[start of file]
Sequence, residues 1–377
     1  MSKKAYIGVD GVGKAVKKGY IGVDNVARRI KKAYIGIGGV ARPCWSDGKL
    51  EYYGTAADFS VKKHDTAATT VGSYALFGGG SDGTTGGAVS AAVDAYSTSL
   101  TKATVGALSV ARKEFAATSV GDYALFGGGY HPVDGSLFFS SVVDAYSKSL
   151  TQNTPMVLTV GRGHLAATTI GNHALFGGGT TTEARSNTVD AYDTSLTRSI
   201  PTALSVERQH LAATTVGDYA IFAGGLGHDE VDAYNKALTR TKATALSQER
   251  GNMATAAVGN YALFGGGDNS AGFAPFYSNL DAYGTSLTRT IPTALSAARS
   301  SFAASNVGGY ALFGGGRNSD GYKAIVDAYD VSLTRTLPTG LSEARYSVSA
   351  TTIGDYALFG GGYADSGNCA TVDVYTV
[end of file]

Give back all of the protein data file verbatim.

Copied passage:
Sequence, residues 1–377
     1  MSKKAYIGVD GVGKAVKKGY IGVDNVARRI KKAYIGIGGV ARPCWSDGKL
    51  EYYGTAADFS VKKHDTAATT VGSYALFGGG SDGTTGGAVS AAVDAYSTSL
   101  TKATVGALSV ARKEFAATSV GDYALFGGGY HPVDGSLFFS SVVDAYSKSL
   151  TQNTPMVLTV GRGHLAATTI GNHALFGGGT TTEARSNTVD AYDTSLTRSI
   201  PTALSVERQH LAATTVGDYA IFAGGLGHDE VDAYNKALTR TKATALSQER
   251  GNMATAAVGN YALFGGGDNS AGFAPFYSNL DAYGTSLTRT IPTALSAARS
   301  SFAASNVGGY ALFGGGRNSD GYKAIVDAYD VSLTRTLPTG LSEARYSVSA
   351  TTIGDYALFG GGYADSGNCA TVDVYTV